Tech

Twitter hacker's virtual bond hearing derailed by porn Zoom-bombing

Pornography put an abrupt end to a bail hearing for the teen accused of last month's massive Twitter security breach and Bitcoin scam.

Mugshot of Graham Clark
Hillsborough County Sheriff's Office

A bail hearing held over Zoom for Graham Ivan Clark, the 17-year-old Floridian accused of masterminding last month’s massive Twitter security breach of major political and celebrity accounts including Elon Musk and Barack Obama, was cut short after uninvited attendees joined the video call and streamed pornography to it. As if we needed more reminding that Zoom is a security nightmare, or that 2020 is just generally nightmarish.

Clark is still being held in jail on a $725,000 bond, an amount his lawyers hoped to appeal given their claim that the scam only netted an estimated $117,000. The case’s prosecuting attorney, meanwhile, argued that the actual end-cost of Clark’s security breach hasn’t been established yet, and may be much greater than the bail posting currently set.

“The defendant’s conduct regarding the stealing of the identities of famous people and his attempt to hijack the funds of innocent individuals in less than four hours ... occurred 20 days ago," the prosecutor, Darrell Dirks, said. "We are still discovering the breadth and depth of the defendant’s criminal conduct.”

The presiding judge couldn’t reach a decision during the video call, though, because he was forced to shut down proceedings thanks to the aforementioned unsolicited pornography.

Unknown assailants — While it isn’t clear yet who was behind the X-rated trolling session, it’s likely the culprits were peers of Clark. Namely, hackers and pranksters, possibly also in their teens. Despite only being 17-years-old, Clark allegedly managed to temporarily compromise one of the world’s largest and most influential social media platforms, resulting in verified users being unable to tweet for hours. It's not surprising other hackers would seek to disrupt his bail hearing, especially given the multiple reports of Zoom-bombing that have dogged the service and show how easy it is to hijack.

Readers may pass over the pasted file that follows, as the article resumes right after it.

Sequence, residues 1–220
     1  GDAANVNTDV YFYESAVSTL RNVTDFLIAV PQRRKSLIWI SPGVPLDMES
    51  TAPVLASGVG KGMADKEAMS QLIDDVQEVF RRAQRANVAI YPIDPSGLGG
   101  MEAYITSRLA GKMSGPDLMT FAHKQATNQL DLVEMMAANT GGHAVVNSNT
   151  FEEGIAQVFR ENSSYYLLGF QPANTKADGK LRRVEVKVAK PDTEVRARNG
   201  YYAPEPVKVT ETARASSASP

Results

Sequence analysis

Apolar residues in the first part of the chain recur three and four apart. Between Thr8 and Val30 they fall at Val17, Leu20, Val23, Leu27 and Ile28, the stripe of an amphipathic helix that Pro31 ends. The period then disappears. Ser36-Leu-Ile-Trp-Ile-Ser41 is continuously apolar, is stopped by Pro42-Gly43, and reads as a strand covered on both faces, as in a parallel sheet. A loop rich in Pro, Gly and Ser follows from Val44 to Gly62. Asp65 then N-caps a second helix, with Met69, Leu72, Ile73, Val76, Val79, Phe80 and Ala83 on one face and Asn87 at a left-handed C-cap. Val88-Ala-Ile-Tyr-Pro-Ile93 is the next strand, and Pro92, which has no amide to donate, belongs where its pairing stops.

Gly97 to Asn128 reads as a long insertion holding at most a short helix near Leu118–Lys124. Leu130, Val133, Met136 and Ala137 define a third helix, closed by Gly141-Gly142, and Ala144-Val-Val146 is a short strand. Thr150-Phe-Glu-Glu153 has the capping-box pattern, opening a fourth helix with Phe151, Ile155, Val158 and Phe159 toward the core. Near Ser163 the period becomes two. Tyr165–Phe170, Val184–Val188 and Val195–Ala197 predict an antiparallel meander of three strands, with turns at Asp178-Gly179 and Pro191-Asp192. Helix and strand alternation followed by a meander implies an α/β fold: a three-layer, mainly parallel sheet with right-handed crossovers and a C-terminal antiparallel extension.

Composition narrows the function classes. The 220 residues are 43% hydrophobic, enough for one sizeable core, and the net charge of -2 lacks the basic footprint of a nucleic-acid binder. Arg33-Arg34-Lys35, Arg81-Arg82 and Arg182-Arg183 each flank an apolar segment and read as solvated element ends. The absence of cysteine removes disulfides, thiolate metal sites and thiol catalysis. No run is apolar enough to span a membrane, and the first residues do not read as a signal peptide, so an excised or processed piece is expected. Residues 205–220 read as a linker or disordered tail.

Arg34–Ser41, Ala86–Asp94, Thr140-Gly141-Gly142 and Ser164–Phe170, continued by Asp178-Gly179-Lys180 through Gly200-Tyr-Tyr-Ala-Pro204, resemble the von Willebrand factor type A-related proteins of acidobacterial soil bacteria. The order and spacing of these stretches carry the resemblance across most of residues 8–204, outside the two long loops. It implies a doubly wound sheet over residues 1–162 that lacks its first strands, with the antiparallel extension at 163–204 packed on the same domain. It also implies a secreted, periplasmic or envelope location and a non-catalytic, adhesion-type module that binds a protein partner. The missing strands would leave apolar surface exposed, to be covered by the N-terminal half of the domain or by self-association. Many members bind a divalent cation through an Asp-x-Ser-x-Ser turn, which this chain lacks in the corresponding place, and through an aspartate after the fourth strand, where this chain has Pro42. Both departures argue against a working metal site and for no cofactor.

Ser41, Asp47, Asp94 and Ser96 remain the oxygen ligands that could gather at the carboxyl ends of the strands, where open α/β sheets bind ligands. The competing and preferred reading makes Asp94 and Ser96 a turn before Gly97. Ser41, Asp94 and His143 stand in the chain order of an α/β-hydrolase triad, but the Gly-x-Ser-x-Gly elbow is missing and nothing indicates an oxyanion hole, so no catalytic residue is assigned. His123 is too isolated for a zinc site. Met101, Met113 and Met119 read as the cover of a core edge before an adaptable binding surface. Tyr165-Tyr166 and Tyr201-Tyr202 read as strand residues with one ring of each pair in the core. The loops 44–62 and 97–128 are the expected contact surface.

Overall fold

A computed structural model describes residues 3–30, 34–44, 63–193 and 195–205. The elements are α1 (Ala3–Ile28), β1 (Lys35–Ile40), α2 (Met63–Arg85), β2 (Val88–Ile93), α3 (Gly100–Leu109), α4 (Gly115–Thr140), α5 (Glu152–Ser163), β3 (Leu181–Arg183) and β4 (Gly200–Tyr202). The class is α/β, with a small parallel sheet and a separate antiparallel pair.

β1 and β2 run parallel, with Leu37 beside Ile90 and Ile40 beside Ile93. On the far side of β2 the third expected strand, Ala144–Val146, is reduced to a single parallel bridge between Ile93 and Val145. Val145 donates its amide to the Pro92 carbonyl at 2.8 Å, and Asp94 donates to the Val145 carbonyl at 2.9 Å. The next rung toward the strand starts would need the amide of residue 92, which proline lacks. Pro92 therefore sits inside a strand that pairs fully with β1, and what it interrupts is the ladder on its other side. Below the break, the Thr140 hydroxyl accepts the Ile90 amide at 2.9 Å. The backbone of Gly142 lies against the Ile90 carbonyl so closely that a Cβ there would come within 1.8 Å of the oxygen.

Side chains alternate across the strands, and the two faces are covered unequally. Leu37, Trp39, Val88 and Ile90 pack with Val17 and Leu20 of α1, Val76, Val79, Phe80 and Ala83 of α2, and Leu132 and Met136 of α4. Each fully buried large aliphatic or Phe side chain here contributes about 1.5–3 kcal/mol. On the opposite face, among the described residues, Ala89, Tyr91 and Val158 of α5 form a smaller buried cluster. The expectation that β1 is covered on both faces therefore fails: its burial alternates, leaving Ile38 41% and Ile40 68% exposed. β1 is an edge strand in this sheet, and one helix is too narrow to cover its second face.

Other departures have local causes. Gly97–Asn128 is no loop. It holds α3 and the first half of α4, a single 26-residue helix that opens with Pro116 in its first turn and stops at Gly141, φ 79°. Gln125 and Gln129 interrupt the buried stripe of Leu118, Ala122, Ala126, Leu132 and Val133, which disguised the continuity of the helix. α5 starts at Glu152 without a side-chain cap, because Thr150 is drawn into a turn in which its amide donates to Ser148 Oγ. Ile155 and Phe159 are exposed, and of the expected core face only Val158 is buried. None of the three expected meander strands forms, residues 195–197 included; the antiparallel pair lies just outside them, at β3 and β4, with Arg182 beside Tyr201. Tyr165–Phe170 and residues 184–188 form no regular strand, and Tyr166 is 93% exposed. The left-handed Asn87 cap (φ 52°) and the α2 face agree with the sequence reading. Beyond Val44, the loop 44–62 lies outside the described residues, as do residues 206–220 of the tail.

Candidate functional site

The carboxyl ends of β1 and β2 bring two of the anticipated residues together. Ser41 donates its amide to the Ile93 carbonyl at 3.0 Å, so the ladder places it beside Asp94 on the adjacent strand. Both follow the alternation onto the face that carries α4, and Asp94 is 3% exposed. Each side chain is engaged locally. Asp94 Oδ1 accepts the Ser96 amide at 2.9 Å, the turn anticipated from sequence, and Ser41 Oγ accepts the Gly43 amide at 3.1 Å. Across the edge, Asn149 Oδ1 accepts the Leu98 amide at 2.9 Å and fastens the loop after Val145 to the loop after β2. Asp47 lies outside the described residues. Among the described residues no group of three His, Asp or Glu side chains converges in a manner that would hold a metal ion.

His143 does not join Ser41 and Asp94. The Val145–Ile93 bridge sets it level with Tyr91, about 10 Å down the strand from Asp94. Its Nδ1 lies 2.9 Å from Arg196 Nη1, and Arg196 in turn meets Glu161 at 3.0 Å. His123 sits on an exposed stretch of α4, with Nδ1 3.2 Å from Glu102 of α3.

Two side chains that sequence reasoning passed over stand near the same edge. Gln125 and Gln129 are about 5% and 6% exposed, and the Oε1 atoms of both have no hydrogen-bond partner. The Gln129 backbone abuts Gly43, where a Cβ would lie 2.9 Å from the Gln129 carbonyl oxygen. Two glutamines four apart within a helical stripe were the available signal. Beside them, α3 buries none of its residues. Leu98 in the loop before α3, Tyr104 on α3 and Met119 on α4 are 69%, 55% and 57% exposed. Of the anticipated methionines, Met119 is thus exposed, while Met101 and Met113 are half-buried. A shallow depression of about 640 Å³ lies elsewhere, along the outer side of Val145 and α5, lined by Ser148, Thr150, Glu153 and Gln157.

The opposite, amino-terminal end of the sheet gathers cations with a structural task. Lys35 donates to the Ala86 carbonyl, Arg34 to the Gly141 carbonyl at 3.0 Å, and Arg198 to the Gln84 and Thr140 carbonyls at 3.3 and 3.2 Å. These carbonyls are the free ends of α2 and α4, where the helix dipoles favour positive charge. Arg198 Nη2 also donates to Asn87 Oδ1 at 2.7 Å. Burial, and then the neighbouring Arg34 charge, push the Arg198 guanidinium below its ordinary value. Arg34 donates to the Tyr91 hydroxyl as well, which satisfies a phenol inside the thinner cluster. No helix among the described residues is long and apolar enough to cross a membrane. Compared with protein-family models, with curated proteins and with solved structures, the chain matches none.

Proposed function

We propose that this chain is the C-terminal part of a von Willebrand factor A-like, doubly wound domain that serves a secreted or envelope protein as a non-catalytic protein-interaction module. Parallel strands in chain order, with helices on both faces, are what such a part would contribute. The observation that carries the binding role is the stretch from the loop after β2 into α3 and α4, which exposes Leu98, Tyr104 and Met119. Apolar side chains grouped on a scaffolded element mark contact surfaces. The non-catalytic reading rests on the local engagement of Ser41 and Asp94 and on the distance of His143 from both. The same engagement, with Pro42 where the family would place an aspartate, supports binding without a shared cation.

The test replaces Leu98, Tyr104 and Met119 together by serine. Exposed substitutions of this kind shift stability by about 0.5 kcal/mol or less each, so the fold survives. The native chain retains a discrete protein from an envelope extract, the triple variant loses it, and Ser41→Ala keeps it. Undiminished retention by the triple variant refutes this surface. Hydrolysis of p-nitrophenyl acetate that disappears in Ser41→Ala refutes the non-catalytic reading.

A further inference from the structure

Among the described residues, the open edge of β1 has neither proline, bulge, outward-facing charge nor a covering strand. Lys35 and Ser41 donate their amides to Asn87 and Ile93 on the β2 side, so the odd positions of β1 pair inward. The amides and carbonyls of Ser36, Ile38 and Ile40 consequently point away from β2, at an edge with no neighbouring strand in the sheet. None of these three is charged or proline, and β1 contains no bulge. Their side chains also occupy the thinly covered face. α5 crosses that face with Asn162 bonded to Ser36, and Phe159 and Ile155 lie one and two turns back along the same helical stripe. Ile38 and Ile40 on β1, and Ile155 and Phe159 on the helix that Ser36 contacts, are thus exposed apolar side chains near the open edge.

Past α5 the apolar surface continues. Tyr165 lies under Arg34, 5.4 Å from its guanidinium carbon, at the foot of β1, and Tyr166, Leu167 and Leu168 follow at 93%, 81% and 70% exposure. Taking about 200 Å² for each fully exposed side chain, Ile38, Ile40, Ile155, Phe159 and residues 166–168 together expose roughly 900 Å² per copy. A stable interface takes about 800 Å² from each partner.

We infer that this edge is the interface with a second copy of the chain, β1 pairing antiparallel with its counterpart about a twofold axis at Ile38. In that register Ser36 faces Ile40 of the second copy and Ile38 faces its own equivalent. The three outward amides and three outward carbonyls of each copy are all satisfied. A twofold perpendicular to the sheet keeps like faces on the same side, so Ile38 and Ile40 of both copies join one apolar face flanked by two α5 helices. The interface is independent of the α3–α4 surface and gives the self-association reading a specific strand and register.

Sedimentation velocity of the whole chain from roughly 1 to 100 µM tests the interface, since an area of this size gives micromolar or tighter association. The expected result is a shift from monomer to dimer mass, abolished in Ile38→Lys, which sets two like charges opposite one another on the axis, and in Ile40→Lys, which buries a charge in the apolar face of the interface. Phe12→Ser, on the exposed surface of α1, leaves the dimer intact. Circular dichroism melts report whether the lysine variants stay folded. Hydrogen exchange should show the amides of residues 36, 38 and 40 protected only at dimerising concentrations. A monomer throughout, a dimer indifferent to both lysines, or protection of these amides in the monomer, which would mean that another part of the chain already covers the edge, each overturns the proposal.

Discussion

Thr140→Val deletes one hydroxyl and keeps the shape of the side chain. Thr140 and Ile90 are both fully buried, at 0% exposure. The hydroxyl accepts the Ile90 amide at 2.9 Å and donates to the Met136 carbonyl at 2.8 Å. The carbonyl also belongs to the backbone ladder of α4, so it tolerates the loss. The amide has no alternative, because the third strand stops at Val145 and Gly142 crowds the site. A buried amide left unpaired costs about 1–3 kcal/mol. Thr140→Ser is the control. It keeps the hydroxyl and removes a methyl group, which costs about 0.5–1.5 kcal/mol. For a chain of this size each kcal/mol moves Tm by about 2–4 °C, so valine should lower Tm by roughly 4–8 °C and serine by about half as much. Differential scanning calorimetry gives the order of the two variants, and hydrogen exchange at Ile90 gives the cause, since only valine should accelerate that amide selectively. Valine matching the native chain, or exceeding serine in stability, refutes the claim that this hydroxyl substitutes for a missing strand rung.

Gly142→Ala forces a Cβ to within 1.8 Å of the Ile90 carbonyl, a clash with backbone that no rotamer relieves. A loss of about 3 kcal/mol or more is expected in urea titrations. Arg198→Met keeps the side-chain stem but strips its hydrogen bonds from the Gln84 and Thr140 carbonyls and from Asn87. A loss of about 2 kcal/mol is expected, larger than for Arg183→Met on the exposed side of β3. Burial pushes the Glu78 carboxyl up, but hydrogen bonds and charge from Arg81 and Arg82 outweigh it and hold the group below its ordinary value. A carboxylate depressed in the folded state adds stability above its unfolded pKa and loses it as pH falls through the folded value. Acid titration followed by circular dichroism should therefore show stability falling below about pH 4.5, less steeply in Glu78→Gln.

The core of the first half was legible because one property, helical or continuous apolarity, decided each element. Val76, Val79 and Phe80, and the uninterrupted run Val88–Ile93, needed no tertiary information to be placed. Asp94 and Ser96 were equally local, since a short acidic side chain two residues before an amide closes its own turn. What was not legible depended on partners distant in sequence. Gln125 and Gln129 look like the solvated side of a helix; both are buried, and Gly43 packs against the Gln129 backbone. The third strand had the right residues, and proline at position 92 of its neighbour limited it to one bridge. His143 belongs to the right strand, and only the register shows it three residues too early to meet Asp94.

A compromised position — Beyond asking for leniency in terms of the scale of the bond, the other contention raised by Clark’s attorneys was that the teen shouldn’t have to account for his bond money’s origins, should he be able to eventually post bail. The rationale behind this is that, as it turns out, Clark was served a search warrant last August for a completely separate investigation that seized approximately 100 Bitcoin (roughly $1.2 million at current prices) from the teen as part of an agreement with California and Florida authorities in exchange for no prosecution or admittance of wrongdoing.

After canceling the Zoom session, the judge denied lowering the bond, but agreed Clark did not need to account for the money’s source. Given Clark's history, that seems absurd.